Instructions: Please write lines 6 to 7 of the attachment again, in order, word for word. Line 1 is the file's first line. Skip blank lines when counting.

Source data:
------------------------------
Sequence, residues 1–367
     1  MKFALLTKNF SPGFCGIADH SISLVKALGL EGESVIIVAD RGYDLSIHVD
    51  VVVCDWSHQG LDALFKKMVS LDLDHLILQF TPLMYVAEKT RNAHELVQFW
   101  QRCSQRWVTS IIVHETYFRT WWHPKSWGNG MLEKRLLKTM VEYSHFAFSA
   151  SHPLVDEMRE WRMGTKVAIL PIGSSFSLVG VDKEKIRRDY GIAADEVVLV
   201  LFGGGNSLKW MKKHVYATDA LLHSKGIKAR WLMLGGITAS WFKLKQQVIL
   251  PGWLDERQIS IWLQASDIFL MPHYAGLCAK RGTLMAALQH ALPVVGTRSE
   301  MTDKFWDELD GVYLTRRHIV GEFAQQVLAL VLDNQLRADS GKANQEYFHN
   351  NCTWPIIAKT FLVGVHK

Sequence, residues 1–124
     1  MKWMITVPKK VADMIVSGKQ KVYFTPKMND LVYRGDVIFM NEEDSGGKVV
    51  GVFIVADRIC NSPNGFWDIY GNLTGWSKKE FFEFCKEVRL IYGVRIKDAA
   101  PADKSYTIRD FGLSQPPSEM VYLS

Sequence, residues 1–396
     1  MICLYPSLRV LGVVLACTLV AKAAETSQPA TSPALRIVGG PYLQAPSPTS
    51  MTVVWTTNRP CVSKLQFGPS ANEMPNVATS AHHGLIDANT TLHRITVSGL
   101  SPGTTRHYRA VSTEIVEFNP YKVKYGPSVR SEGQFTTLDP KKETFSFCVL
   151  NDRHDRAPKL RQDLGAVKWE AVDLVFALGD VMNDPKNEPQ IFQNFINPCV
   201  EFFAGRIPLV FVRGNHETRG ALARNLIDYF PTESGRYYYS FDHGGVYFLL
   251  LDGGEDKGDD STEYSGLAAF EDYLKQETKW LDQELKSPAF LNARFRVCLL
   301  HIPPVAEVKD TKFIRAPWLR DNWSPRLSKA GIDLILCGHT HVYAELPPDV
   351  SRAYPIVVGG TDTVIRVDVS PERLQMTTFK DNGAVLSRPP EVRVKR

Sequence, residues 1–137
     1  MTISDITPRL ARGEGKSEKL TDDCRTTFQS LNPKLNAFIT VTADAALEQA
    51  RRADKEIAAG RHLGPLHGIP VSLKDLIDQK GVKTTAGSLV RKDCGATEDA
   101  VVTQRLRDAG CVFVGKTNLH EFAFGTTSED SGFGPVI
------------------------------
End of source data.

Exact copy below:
   201  LFGGGNSLKW MKKHVYATDA LLHSKGIKAR WLMLGGITAS WFKLKQQVIL
   251  PGWLDERQIS IWLQASDIFL MPHYAGLCAK RGTLMAALQH ALPVVGTRSE